3.2.e. State main ideas and include sufficient details or facts for appropriate depth of information (naming, describing, explaining, comparing, use of visual images)

3.3. Correct grammar, capitalization, punctuation, and spelling are used when writing. Students can:

3.3.a. Use apostrophes to show possession

3.3.b. Indent paragraphs

3.3.c. Spell high-frequency words correctly

3.3.d. Spell words that follow learned rules and patterns with accuracy

3.3.e. Apply accurate subject-verb agreement

3.3.f. Write with precise nouns, active verbs, descriptive adjectives, and adverbs to enhance writing

3.3.g. Use commas correctly (after transitional words or phrases, to separate items in a series)

3.3.h. Apply correct use of capitalization

3.3.i. Vary sentence beginnings, and use long and short sentences to create sentence fluency in longer texts

CO.4. Research and Reasoning

4.1. Researching a topic and sharing findings are often done with others. Students can:

4.1.a. Interpret and communicate the information learned by developing a brief summary with supporting details

4.1.b. Develop supporting visual information (charts, maps, illustrations, models)

4.1.c. Present a brief report of the research findings to an audience

4.2. Inferences and points of view exist. Students can:

4.2.a. Recognize that different sources may have different points of view

4.2.b. Assess points of view using fairness, relevance, and breadth

4.2.c. Determine the clarity, relevance, and accuracy of information

4.2.d. Recognize that all thinking contains inferences from which we draw conclusions and give meaning to data and situations

4.2.e. Assess inferences for accuracy and fairness

4.2.f. Recognize what they know and don't know (intellectual humility)

CO.5. Prepared Graduate Competencies in Reading, Writing, and Communicating: The preschool through twelfth-grade concepts and skills that all students who complete the Colorado education system must master to ensure their success in a postsecondary and workforce setting.

5.1. Collaborate effectively as group members or leaders who listen actively and respectfully pose thoughtful questions, acknowledge the ideas of others, and contribute ideas to further the group's attainment of an objective

5.2. Deliver organized and effective oral presentations for diverse audiences and varied purposes

5.3. Use language appropriate for purpose and audience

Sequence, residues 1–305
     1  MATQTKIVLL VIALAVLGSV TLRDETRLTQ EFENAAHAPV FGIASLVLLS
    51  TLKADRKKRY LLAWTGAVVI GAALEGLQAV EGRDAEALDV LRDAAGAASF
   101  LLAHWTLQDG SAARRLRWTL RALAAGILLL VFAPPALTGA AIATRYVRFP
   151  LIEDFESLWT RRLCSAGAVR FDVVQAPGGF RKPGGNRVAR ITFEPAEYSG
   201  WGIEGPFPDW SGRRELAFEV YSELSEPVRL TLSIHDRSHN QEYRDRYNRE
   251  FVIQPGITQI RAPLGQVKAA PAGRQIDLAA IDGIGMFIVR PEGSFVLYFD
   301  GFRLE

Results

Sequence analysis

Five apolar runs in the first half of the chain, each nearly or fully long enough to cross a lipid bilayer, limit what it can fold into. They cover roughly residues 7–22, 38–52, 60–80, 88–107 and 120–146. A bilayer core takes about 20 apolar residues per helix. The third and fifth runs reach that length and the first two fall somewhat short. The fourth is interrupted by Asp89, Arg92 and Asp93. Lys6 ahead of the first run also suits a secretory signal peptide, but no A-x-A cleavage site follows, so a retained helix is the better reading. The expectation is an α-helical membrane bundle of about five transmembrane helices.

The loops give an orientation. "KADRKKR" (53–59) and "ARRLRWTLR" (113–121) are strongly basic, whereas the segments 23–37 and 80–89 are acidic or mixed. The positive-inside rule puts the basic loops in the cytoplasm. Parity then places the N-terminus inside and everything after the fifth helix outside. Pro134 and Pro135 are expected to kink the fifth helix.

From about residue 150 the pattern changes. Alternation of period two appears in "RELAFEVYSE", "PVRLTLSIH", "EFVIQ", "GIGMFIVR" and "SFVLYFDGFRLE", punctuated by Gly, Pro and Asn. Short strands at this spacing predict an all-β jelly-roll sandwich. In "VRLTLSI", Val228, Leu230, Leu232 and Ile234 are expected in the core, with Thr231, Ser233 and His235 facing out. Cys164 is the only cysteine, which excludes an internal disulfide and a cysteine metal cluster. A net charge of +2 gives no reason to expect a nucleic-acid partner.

5.4. Demonstrate skill in inferential and evaluative listening

5.5. Interpret how the structure of written English contributes to the pronunciation and meaning of complex vocabulary

5.6. Demonstrate comprehension of a variety of informational, literary, and persuasive texts

5.7. Evaluate how an author uses words to create mental imagery, suggest mood, and set tone

5.8. Read a wide range of literature (American and world literature) to understand important universal themes and the human experience

5.9. Seek feedback, self-assess, and reflect on personal learning while engaging with increasingly more difficult texts

5.10. Engage in a wide range of nonfiction and real-life reading experiences to solve problems, judge the quality of ideas, or complete daily tasks

5.11. Write with a clear focus, coherent organization, sufficient elaboration, and detail

5.12. Effectively use content-specific language, style, tone, and text structure to compose or adapt writing for different audiences and purposes

5.13. Apply standard English conventions to effectively communicate with written language

5.14. Implement the writing process successfully to plan, revise, and edit written work

5.15. Master the techniques of effective informational, literary, and persuasive writing

5.16. Discriminate and justify a position using traditional lines of rhetorical argument and reasoning

5.17. Articulate the position of self and others using experiential and material logic

5.18. Gather information from a variety of sources; analyze and evaluate the quality and relevance of the source; and use it to answer complex questions

5.19. Use primary, secondary, and tertiary written sources to generate and answer research questions

5.20. Evaluate explicit and implicit viewpoints, values, attitudes, and assumptions concealed in speech, writing, and illustration

5.21. Demonstrate the use of a range of strategies, research techniques, and persistence when engaging with difficult texts or examining complex problems or issues

5.22. Exercise ethical conduct when writing, researching, and documenting sources